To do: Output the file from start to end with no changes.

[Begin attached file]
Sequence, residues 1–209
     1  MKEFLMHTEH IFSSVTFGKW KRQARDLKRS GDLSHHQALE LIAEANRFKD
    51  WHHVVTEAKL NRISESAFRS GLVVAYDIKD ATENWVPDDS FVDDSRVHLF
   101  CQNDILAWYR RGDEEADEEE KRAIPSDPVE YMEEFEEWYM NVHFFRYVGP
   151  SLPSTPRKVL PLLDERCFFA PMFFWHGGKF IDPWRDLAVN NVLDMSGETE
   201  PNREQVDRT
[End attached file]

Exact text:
Sequence, residues 1–209
     1  MKEFLMHTEH IFSSVTFGKW KRQARDLKRS GDLSHHQALE LIAEANRFKD
    51  WHHVVTEAKL NRISESAFRS GLVVAYDIKD ATENWVPDDS FVDDSRVHLF
   101  CQNDILAWYR RGDEEADEEE KRAIPSDPVE YMEEFEEWYM NVHFFRYVGP
   151  SLPSTPRKVL PLLDERCFFA PMFFWHGGKF IDPWRDLAVN NVLDMSGETE
   201  PNREQVDRT